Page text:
Vines were introduced to the region through trading partnerships with the Greeks and Phoenicians in about 400B.C. The Romans developed the industry only for it suffer throughout the occupation of the Moors between 711-1492. More recently it's this region where Spain's sparkling wine industry is centred. Produced in a similar style to Champagne, Cava has been produced in the Penedes district since about 1870 and earnt it's own DO in 1986. The Catalonia DO was created in 1999, allowing smaller appellations to benefit and make a mark for themselves. Concequently, the baseline quality of wines has only increased.
The coastal belt along the Mediterranean is mild and damp in the winter, the summers are hot and fairly dry. Further inland, the extremes become more frequent. Cool/damp winters and hot/dry summers aren't uncommon while microclimates within deep valleys and steep hillsides add to the complexity of this region of variety. Soil types vary from alluvial/clay mixtures along the coast to schist, sandstone and slate in the undulating topography further from the coast.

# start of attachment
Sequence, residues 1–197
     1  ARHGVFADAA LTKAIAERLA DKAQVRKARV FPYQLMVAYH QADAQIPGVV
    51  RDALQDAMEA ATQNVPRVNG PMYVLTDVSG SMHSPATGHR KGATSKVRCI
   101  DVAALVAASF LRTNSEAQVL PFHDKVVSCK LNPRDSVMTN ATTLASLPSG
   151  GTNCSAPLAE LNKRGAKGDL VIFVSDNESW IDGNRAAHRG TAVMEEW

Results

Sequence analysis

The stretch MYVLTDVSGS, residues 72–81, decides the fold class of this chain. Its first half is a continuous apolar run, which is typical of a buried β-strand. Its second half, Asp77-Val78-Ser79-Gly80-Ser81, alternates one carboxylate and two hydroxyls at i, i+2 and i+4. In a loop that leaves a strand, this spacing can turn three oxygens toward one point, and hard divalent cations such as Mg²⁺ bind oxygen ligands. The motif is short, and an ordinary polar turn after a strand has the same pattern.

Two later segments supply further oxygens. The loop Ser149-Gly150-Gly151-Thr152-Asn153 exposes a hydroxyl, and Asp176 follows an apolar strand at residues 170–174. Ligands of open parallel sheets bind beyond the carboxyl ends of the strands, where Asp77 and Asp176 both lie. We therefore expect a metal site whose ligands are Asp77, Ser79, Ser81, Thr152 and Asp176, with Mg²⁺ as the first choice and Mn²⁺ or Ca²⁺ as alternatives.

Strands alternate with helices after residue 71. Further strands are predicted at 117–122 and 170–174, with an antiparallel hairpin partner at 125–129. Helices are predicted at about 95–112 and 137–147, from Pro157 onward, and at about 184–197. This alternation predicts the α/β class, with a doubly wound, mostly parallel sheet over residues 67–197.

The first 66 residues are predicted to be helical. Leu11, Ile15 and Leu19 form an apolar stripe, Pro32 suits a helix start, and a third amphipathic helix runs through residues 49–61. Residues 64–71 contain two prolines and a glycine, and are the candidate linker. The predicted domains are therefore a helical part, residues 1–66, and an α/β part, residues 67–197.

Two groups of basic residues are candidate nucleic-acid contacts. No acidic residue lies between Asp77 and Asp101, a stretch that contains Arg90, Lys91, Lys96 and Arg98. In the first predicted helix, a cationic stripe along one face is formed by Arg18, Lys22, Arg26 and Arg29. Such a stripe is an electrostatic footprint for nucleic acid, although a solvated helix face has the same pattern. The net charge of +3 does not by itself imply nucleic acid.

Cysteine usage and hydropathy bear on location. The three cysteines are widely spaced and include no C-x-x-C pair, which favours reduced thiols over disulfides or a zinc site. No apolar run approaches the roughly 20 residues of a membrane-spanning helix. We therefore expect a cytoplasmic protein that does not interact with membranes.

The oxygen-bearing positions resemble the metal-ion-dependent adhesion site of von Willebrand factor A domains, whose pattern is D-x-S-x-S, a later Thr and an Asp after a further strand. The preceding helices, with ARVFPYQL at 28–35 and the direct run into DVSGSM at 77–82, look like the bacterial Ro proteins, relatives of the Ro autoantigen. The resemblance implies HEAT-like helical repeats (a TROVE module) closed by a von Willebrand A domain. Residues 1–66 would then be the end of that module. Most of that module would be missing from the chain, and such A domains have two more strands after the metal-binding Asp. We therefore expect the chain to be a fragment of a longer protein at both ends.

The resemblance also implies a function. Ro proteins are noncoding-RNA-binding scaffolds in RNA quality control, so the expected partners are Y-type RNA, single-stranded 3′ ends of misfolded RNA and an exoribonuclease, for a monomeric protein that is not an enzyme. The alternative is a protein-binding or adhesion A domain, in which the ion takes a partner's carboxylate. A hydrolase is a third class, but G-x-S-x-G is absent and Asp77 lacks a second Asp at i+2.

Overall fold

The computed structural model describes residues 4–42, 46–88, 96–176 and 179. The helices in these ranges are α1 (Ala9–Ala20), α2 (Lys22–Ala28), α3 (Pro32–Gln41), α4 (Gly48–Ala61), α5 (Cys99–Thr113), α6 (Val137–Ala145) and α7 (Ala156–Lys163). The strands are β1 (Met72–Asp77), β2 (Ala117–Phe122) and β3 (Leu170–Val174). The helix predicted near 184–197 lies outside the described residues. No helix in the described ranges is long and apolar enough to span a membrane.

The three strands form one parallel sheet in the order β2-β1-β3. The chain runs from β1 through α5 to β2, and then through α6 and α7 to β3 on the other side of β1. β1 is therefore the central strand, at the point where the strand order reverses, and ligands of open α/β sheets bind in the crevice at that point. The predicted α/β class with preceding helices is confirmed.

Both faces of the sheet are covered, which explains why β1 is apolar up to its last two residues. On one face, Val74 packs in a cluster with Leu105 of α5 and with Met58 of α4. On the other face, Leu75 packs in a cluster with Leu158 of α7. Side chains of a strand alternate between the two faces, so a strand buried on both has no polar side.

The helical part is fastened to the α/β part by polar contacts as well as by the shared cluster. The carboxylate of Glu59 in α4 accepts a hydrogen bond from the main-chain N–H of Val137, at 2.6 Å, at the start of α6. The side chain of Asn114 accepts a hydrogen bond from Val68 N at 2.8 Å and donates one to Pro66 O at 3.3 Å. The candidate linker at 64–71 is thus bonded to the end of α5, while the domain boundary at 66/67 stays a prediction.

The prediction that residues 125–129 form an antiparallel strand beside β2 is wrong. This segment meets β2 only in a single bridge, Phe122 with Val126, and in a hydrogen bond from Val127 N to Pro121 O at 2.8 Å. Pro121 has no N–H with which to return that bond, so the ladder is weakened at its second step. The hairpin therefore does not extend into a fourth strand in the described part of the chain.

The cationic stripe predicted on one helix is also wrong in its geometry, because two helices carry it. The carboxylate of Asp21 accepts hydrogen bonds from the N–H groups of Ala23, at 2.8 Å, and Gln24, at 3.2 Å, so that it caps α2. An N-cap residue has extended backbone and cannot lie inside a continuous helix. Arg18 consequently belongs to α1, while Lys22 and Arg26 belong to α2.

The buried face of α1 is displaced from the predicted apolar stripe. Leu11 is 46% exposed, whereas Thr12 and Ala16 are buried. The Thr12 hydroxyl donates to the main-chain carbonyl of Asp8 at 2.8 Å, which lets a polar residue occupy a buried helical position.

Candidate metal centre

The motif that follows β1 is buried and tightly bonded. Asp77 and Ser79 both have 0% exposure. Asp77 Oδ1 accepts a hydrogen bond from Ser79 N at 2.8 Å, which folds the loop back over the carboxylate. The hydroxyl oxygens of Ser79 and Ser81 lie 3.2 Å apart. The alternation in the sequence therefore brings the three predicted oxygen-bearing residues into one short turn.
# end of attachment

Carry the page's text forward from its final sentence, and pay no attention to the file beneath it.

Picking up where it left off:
Parellada, Macabeo and Xarel-lo are dominant white grape varieties. Varying from easy drinking everyday wines to full bodied and complex styles capable of competing with the world's best, Catalonia is well worth exploring. It's these varieties which form the base for most Cava production. Red wines are generally full bodied and fairly high in alcohol. Dominant varieties include Grenache, Tempranillo & Mourvedre.